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I've been searching but cannot seem to find a solution.

I have a GeoJSON file which is 170mb in size. It contains about 2500 polygons. Somehow I need to render it to a leaflet map. Evidently at that size I have no chance.

What will the easiest way to render this data? Am I able to create a complete transparent png which can simply be rendered over the world map. The huge size is due to the complexity and the number of polygons. At this point I don't need it to be interactive.

Thanks, Brian

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3 Answers 3

The easiest way is to create your own map tiles based on that data. There are a couple of ways of achieving this but my suggestion is that you use TileMill. It's free and very easy to use. So, basically you would:

  • Use TileMill and specify your GeoJSON file as the data-source

  • Configure how the map should be displayed (like the color of the polygons) with a special CSS-like language inside TileMill

  • Generate the tiles

  • Load a new TileLayer in your Leaflet map that references your files

I've actually written a tutorial some time ago that uses a .shp instead of a GeoJson, but should be similar enough:


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these blog posts have some invaluable info –  Jonno Feb 24 '14 at 6:11

I cannot argue with psousa's recommendation. For a straightforward presentation, TileMill is a great idea.

However, if you want to overlay your polygons onto another map, I reckon the only way is by using Mike Bostock's TopoJSON and D3.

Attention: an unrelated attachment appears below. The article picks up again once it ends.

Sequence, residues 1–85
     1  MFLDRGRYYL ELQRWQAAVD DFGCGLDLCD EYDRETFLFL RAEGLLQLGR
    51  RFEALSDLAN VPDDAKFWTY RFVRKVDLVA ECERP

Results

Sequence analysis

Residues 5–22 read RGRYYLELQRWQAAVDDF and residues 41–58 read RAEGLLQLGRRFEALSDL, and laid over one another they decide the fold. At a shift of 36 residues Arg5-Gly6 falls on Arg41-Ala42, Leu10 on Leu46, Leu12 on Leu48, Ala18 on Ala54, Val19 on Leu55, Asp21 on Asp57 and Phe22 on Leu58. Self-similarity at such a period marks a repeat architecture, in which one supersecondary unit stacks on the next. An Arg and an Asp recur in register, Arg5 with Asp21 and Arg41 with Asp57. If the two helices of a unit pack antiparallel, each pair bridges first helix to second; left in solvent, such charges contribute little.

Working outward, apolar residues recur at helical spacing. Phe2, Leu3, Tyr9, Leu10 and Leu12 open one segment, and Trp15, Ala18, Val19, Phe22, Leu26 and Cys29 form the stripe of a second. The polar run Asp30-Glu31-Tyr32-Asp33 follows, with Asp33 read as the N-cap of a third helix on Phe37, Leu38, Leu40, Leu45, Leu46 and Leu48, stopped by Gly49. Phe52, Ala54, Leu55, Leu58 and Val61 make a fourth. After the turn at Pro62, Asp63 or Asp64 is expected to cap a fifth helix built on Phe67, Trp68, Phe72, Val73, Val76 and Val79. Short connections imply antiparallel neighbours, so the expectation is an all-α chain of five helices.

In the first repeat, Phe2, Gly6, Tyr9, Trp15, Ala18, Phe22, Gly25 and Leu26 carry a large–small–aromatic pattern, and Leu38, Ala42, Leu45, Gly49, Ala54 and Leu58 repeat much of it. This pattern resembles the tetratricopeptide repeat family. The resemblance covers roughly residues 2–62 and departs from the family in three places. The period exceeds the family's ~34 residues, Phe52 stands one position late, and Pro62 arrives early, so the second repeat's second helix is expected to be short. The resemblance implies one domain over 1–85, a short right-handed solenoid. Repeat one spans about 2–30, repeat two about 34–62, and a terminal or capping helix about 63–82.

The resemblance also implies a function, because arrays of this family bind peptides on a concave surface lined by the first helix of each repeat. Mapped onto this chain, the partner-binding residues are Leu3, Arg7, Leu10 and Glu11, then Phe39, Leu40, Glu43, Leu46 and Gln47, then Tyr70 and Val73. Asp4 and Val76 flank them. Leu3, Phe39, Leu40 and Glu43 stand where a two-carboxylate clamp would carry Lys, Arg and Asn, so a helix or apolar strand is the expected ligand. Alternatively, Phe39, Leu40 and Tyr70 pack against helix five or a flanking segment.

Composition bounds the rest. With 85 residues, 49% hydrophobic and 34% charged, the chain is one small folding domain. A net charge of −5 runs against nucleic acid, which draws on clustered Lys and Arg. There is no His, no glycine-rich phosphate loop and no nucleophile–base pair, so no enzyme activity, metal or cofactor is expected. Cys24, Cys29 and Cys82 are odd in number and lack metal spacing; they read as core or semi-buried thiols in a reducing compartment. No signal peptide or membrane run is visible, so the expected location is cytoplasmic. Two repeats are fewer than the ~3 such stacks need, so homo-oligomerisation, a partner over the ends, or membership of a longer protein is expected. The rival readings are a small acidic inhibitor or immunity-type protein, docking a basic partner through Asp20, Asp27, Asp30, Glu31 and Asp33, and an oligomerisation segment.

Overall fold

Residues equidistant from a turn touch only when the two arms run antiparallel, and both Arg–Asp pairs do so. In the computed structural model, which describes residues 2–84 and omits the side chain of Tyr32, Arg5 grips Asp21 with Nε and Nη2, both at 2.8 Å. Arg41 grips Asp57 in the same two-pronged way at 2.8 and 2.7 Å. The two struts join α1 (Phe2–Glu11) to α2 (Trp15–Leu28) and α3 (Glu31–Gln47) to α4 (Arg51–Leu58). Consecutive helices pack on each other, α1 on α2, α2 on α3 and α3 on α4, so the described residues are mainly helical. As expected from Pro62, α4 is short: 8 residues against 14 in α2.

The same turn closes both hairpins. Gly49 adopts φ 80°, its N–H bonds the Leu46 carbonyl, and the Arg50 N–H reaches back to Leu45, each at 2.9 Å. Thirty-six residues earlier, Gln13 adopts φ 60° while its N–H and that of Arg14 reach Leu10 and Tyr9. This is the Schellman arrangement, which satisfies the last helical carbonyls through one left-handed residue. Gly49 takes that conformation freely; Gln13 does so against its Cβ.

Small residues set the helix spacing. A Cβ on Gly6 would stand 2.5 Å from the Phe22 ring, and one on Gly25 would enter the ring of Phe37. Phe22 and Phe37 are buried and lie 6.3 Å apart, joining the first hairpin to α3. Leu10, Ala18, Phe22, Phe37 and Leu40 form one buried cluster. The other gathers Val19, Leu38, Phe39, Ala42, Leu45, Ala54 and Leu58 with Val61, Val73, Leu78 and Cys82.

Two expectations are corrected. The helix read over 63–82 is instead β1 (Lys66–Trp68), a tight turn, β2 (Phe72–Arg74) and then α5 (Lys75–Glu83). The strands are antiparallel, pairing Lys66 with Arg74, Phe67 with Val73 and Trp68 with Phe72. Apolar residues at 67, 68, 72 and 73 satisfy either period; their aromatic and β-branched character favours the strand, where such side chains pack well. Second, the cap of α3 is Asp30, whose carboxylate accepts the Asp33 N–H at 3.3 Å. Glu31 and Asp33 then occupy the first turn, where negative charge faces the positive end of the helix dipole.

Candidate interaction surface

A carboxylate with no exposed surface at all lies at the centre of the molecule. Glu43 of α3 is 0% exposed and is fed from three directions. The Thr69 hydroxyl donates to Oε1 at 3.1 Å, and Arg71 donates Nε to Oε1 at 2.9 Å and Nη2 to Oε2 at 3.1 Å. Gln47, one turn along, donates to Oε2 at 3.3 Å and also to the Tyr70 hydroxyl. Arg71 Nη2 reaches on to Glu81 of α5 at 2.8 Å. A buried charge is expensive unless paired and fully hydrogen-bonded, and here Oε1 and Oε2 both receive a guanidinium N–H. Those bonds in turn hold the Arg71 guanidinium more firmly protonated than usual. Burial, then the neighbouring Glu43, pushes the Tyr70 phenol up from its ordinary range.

The main TopoJSON page: https://github.com/mbostock/topojson/wiki

An example at the scale you are talking about: http://bl.ocks.org/mbostock/4206573

You'll have to shop around Mike's excellent examples on github to see how to combine leaflet with a D3 overlay.

I'm currently doing this successfully with hundreds of complex polygons. Haven't had the need to break into the thousands ... yet.

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TopoJSON excels when you have contiguous polygons, like states/cities/countries, which I'm not sure is the case here. –  psousa Jul 23 '13 at 13:04
"only way" is a bold claim. –  Eric Hartford Aug 29 '14 at 17:28
@EricHartford i agree. Don't know if Mapbox has a solution for this –  arcsum Mar 12 at 9:17

Just another humble suggestion. I had successfully done loading 10000+ polygons and querying attributes by rolling out my own Geoserver and PostgreSQL DB + PostGIS instance and producing a WMS (not WFS), as you can see in the image.

10000+ polygons

But it is not straightforward to implement, especially if the geojson data is the original (and only) data

In that regard I would second psousa's answer to use TileMill.

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